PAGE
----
England defender Tyrone Mings has said that it remains important for the players in the squad to continue taking the knee before games in order to fight racism within the sport and in society as a whole, educating those who continue to boo the anti-racism protest.
It comes after UK home secretary Priti Patel this week publicly opposed taking the knee, controversially labelling it ‘gesture politics’. Prime minister Boris Johnson had urged fans not to boo ahead of England’s opening Euro 2020 game against Croatia, but only after an official spokesperson had previously declined to condemn those booing the anti-racism protest.
Other senior Conservative MPs, including Patel, have refused to condemn the booing, or in some cases even actively defended it. Jacob Rees-Mogg claimed booing is a response to ‘wokeness’.
“We spoke and [Priti Patel] invited me onto a Zoom call once, where she seemed so interested and engrossed in players’ kind of point of view and what we could do more to tackle these sort of issues,” Mings is quoted as saying by Sky Sports.
“But at the same time, everybody’s entitled to their own opinion. The home secretary is one of many, many people that oppose us taking the knee, or refuse to defend it.
“We have our own set of beliefs and what we think we can do to help or be players that can be influential and can stand up for what we believe in, and understandably when you have such strong beliefs there will be opposition to that.
“We’ve spoken about it a lot,” he continued. “We’ve spoken about trying to educate or trying to inform the minority who refuse to acknowledge why we’re taking the knee and want to boo it.
“But at the same time, in Wembley there was a hugely positive reaction to us taking the knee as well and I don’t think that should be overshadowed by a minority that refuse to accept what the reasons are or don’t agree with them.”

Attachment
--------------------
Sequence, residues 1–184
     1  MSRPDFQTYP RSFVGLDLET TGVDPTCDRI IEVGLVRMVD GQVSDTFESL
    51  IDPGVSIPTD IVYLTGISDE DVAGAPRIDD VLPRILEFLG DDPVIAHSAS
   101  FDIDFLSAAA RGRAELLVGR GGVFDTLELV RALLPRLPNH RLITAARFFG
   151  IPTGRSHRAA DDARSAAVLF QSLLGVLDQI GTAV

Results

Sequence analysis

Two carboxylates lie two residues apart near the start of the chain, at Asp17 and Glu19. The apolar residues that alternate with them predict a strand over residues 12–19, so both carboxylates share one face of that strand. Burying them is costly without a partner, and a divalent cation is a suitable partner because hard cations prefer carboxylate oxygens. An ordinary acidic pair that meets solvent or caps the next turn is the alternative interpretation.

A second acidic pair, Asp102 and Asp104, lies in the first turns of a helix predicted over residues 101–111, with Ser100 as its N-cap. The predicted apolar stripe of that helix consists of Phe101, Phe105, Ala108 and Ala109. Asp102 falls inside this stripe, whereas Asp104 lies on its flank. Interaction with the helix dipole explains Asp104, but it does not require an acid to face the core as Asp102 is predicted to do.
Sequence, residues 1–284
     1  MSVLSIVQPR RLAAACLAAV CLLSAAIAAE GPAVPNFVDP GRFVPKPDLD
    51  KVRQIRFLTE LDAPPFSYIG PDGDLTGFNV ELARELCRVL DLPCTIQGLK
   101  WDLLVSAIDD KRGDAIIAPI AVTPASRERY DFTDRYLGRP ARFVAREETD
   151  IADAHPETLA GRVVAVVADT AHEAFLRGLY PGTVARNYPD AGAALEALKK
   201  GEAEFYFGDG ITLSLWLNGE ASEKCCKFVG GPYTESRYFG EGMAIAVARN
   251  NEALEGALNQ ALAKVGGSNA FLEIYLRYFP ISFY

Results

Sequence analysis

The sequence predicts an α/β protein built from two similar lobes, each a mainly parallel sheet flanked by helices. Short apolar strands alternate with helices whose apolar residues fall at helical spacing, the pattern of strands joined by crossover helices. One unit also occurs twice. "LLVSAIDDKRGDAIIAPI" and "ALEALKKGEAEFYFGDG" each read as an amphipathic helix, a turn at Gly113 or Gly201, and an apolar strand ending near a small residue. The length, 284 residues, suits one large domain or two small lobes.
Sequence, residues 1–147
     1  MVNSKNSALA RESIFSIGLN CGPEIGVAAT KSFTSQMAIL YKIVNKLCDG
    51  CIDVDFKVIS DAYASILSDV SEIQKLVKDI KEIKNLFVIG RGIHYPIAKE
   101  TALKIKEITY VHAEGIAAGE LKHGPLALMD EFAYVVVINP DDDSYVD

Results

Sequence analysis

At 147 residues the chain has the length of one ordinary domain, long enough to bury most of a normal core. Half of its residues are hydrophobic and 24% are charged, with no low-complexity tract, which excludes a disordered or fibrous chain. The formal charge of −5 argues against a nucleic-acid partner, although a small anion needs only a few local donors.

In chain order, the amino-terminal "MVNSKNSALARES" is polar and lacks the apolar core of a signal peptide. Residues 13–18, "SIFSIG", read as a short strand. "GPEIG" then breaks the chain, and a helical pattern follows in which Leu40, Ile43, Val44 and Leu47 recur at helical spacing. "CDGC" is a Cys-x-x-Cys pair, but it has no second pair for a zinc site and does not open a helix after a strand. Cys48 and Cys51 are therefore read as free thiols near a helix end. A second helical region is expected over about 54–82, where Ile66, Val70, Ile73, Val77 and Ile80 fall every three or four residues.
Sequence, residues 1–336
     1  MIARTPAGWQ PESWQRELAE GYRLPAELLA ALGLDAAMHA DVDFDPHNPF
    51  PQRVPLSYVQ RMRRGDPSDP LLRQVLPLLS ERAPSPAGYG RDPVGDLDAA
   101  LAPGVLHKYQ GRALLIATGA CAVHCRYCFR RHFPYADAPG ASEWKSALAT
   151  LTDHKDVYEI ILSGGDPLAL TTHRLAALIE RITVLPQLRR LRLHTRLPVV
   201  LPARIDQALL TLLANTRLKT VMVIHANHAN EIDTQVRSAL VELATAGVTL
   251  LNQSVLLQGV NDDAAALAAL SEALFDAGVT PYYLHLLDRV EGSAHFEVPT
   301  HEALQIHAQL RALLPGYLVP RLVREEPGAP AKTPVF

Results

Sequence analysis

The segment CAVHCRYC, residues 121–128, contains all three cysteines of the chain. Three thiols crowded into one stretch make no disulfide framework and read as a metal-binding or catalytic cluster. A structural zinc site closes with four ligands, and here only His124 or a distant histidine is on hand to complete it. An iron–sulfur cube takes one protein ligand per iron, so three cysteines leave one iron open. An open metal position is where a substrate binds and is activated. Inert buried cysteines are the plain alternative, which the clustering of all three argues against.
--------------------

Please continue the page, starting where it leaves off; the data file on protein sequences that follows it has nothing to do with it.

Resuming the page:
Booing still persisted when England players took the knee ahead of kick-off against Croatia on Sunday, but it was largely drowned out by applause and support.
A minority of vocal fans have wrongly convinced themselves that footballers taking the knee to protest against racism is a politically motivated act representing Marxist values because of certain claims about Black Lives Matter.
A statement released on behalf of the England team last week pleaded with the public to fully support the team, explaining that taking the knee is personally important to the players as a ‘mechanism of peacefully protesting against discrimination, injustice, and inequality’.
The statement also sought to explain that the history of taking the knee as a means of protesting racism and inequality can be traced to the 18th century, significantly pre-dating the 19th century political ideology its detractors and critics now claim it is linked to.